We still have a long way to go to effectively deliver genes!
Gene therapy is emerging as a revolutionary alternative to conventional therapeutic approaches. However, its clinical application is still hampered by the lack of safe and effective gene delivery techniques. Among the plethora of diverse approaches used to ferry nucleic acids into target cells, non-viral vectors represent promising and safer alternatives to viruses and physical techniques. Both cationic lipids and polymers spontaneously wrap and shrink the genetic material in complexes named lipoplexes and polyplexes, respectively, thereby protecting it and shielding its negative charges. The development of non-viral vectors commenced more than two decades ago. Since then, some major classes of interesting molecules have been identified and modified to optimize their properties. However, the way towards the final goal of gene delivery, i.e. protein expression or gene silencing, is filled with obstacles and current non-viral carriers still have concerns about their overall efficiency. We strongly believe that the future of non-viral gene delivery relies on the development of multifunctional vectors specifically tailored with diverse functionalities that act more like viruses. Although these vectors are still a long way from clinical practice they are the ideal platform to effectively shuttle the genetic material to target cells in a safe and controlled way. In this review, after briefly introducing the basis of gene delivery and therapeutic applications we discuss the main polymeric and lipidic vectors utilized for gene delivery, focusing on the strategies adopted to overcome the major weaknesses inherent to their still limited activity, on the way towards ideal multifunctional vectors.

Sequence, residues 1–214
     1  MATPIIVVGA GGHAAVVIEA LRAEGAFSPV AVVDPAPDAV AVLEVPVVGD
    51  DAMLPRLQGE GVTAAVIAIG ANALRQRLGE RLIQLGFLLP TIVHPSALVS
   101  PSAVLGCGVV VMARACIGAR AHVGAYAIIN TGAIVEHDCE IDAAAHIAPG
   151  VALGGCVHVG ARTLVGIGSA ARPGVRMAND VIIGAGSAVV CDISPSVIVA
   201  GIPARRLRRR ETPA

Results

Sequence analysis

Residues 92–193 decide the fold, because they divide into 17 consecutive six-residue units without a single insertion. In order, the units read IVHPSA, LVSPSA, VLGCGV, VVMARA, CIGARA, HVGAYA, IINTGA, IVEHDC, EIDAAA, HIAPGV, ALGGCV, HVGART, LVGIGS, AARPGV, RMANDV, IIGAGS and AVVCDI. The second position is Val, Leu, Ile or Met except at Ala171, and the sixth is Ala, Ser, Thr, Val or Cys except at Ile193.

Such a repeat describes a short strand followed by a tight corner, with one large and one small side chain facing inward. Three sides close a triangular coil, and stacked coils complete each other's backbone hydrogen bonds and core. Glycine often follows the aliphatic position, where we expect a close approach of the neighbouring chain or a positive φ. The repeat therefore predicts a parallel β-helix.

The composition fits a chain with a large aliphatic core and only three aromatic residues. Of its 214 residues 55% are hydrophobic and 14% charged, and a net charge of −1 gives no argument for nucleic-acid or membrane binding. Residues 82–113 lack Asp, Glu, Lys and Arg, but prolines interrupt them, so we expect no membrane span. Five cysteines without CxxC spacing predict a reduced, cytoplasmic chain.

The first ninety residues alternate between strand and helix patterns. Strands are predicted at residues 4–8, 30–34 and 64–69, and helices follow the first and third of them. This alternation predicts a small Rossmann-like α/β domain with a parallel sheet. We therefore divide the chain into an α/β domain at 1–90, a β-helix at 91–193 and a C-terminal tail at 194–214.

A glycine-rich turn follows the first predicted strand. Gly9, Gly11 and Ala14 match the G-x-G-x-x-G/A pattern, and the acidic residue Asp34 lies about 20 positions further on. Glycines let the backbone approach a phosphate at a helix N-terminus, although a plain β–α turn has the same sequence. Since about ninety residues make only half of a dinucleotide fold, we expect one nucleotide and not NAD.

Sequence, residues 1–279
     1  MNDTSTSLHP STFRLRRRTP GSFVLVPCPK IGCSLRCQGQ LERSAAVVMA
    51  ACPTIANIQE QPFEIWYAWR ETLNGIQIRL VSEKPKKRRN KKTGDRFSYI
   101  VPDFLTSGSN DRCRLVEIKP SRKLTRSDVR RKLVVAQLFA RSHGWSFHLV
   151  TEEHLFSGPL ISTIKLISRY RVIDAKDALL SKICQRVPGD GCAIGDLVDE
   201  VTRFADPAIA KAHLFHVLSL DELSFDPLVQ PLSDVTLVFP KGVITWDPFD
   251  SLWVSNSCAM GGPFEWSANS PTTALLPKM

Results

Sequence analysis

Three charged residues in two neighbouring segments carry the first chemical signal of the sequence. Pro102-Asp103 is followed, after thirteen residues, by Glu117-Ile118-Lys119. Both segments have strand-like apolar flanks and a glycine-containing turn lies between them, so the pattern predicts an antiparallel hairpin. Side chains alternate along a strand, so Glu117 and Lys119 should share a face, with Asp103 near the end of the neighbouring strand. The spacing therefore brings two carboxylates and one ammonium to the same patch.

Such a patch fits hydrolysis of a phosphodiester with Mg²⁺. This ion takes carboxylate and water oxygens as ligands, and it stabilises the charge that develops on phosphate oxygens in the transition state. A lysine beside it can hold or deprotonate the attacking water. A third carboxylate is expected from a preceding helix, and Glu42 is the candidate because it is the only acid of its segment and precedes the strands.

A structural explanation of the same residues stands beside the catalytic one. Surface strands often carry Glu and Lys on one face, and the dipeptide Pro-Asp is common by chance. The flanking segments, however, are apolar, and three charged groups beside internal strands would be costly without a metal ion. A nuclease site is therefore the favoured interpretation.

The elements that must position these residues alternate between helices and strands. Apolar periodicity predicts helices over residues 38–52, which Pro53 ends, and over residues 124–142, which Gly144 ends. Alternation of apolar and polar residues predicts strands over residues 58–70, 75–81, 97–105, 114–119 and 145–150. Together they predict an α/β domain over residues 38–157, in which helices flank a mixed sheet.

J Appl Biomater Funct Mater 2012; 10(2): 82 - 91
Article Type: REVIEW
Daniele Pezzoli, Roberto Chiesa, Luigi De Nardo, Gabriele Candiani
INSTM (Italian National Consortium for Materials Science and Technology), Research Unit Milano Politecnico, Milano and Department of Chemistry, Materials and Chemical Engineering ‘‘Giulio Natta’’, Politecnico di Milano, Milano - Italy
INSTM (Italian National Consortium for Materials Science and Technology), Research Unit Milano Politecnico, Milano - Italy; Department of Chemistry, Materials and Chemical Engineering ‘‘Giulio Natta’’, Politecnico di Milano, Milano - Italy and The Protein Factory, Centro Interuniversitario di Biotecnologie Proteiche, Politecnico di Milano and Università degli Studi dell’Insubria, Varese - Italy
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